|Van Dyke had a small cameo role in this so-so Shirley MacLaine comedy|
|The original poster for Mary Poppins, which transformed Dick Van Dyke as Burt the chimney sweep (with a faux British accent), into a major movie star.|
|Van Dyke's first "sixties sex comedy", featuring Ethel Merman as "Madame Coco"|
|the Australian version of the poster. The Aussie's had a knack for never being able to capture an American likeness on a film poster.|
|Lovely art (by one of the James Bond poster artists), lousy film, though the chimp was funny.|
|Another version. Yup, the chimp clearly steals the show|
|A more amusing illustrated poster for the British version and a spanish version...|
|Same film, different Fitzwilly pose|
|... but always a Dull film. An unfunny, lifeless clinker with a fun poster.|
|A second poster version|
|From the same folks who brought you James Bond, and another hit musical comedy for Dick Van Dyke (not attempting a British accent this time around.|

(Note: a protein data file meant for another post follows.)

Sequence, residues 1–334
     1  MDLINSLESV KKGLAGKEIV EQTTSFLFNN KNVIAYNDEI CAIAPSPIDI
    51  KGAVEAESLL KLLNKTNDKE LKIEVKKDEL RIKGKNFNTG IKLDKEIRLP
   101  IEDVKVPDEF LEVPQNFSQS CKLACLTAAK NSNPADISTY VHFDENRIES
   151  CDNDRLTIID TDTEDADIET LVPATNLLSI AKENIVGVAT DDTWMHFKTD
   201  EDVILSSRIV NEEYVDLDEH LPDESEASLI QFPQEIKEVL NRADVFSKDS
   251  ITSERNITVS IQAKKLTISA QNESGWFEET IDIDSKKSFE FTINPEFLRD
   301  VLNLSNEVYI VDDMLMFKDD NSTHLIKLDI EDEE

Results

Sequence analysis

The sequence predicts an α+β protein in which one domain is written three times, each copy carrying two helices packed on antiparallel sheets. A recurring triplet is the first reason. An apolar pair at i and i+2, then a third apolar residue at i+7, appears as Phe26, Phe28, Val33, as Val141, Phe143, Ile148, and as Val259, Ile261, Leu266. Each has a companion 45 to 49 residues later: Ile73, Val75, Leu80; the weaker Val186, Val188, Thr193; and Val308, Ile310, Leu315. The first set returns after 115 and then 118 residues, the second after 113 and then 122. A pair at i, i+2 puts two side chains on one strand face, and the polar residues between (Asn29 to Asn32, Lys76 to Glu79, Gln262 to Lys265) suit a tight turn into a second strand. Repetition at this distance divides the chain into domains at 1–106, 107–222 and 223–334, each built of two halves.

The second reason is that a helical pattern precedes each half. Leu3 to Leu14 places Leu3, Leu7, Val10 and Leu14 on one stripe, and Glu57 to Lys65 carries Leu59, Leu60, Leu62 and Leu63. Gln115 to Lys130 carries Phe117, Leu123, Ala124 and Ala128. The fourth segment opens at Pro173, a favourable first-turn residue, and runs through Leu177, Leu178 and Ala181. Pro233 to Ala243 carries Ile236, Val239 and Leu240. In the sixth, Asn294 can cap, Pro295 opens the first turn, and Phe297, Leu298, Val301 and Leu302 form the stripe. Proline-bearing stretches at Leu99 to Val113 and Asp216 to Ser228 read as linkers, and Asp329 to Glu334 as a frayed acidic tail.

|"The Comic" was a long planned dream project for Dick Van Dyke and writer/director Carl Reiner, a fictional biography of a troubled, self destructive silent film comedian named Billy Bright, loosely based on Buster Keaton, with a little Stan Laurel, Harry Langdon and Lloyd Hamilton thrown in.|
Trailer's from Hell on "The Comic"...
The film premiered in 1969 with barely a notice (I saw it shortly after it opened on second bill with "The Desperado's" starring Vince Edwards... which actually wasn't bad!), but over the years it's become a cult favorite. It's heavily flawed, much of the dialog between Van Dyke and Michelle Lee sounds far too similar to Rob and Laura Petrie dialog, actors appear in the 1920's with late sixties haircuts and sideburns, Billy Bright's erratic behavior is never fully explained, the late sixties color is too garish, etc)...
Yet the film still has some unforgettable sequences recreating vintage silent film comedy, a memorable Steve Allen show sequence and an hilarious Billy Bright TV commercial for "Whitey White", a great, subtle performance by Mickey Rooney as fellow film comic and pal "Cockeye", and especially Dick Van Dyke, Oscar worthy as Billy Bright, particularly during his sad final days, old, bald, alone and forgotten in his small Hollywood apartment.
Would some company please finally get this out on DVD! Sheesh!!
My blog on THE COMIC:
|the Australian poster|